Weathering the Storm anthology
‘Happy Birthday to me …’ by Melusine Draco
There comes a time in everyone’s life when they find themselves spending birthdays alone. Or what to many would seem even worse, celebrating a solitary Yuletide … especially if we’ve come from a large or close-knit family. After any form of relationship or friendship break-up, it can be difficult to adjust to life without that person and spending time on our own can feel isolating. Over the years, death and separation part us from our loved ones and the prospect of being alone for these important and personal festivals can turn them into depressing and daunting occasions. But isolation can also be a blessed state … and as pagans we should have perfected the art of making the most out of those solitary moments.
Solitude frees the mind up from all the distractions of everyday life and allows it to focus more fully on one thing. It allows our brain to think outside the box and to come up with unique, extraordinary solutions to ordinary problems. Solitude can enhance creativity. Not only that, taking a little time for ourselves refreshes and re-energizes us. It allows us to think more clearly and make better decisions. Taking ‘Me-time’ also builds our self-esteem over time, as we come to accept that we are important and deserve to have a little time to ourselves.
Some people really don’t like to be alone, whereas others are perfectly content spending time alone at home. A friend of mine, recently widowed, filled every waking moment with some actively and during the current virus-crisis is finding it extremely difficult to cope with her enforced isolation. Although there’s no right or wrong way to be, we often find that people who are happy to be alone (at least some of the time) are more self-confident and generally more satisfied with life. By perfecting the Me-time habit we could be enriching our own individual life-style.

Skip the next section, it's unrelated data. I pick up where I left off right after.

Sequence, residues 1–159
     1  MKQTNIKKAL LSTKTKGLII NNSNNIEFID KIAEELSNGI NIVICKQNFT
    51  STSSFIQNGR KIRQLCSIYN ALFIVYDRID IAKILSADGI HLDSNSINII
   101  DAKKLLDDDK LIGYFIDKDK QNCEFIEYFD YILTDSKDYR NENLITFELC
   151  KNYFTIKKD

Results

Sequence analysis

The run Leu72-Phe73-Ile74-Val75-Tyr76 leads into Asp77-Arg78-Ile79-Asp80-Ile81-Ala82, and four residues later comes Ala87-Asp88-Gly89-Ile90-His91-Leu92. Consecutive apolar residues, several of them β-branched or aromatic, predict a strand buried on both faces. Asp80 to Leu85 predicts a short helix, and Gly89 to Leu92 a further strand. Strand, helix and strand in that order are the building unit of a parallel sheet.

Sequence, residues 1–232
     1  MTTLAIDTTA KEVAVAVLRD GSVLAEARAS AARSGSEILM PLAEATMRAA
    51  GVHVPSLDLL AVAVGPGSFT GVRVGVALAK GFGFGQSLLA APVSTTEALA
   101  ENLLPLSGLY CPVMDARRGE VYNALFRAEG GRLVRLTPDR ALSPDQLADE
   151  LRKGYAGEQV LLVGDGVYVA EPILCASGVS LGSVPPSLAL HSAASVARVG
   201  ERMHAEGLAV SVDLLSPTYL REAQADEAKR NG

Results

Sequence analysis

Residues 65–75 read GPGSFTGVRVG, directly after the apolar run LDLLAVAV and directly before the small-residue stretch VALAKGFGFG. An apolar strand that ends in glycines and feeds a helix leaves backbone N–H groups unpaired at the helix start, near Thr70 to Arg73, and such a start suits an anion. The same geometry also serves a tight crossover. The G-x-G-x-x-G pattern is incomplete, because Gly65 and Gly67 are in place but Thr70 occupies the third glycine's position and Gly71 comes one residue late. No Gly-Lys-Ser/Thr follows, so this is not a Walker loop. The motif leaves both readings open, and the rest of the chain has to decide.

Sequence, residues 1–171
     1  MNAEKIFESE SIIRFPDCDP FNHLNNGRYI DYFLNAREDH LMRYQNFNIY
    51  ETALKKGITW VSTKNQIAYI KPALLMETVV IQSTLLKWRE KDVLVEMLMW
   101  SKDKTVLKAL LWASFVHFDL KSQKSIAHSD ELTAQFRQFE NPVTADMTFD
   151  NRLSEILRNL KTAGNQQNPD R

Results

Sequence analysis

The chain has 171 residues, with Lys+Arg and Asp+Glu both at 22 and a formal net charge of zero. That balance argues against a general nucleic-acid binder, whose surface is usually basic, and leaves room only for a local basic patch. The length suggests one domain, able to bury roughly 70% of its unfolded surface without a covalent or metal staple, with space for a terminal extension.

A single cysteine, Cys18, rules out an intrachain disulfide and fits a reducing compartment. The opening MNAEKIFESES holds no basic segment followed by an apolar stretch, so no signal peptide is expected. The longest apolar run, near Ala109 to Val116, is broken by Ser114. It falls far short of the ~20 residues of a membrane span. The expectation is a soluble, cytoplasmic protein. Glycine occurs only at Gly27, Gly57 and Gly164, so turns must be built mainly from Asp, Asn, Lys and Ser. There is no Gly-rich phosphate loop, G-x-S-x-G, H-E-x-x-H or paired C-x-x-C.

Birthdays were always important in our family, not because of any great extravagance but because we always spent them together to do something special. Then one by one those people left the stage and the performance became a soliloquy. Nevertheless, a birthday is a time to celebrate birth itself. It is an expression of thanks to the gods for being born and for still being alive. It is also an occasion to rethink our life; to reflect on the past, evaluate our present and make plans for our future. It is a time when our past intersects with our present and future. And so we set that day aside each year and make it special by …
Giving ourselves the gift of time. Sometimes our days are so packed with events and tasks that we don’t have time for ourselves. Consider giving ourselves the gift of time for our own rest and relaxation … treating ourselves to a spa day; visiting a museum, exhibition or concert.
Eating our favorite food. It’s our day – we deserve it, whether it’s eating in or out. Perhaps a special birthday lunch or afternoon tea in luxurious surroundings without thinking about the cost. Worry about dieting and health tomorrow.
Doing a favorite childhood activity. Maybe it was going to the zoo, the aquarium or a theme park. Whatever it was, do it today! Do it as a way to reignite our inner child and our creativity. Do it for the pure enjoyment. We will be amazed at how good it will make us feel. For example: Once upon a time, in the 1960s (in fact), Dreamland (Margate) was at the cutting edge of fairground excitement but now it has a whole other agenda: rather than competing with the high-tech thrills of Alton Towers and Thorpe Park, it offers a gentle retro vision of seaside fun’. Oh, I remember it well … I think I’m goin’ back …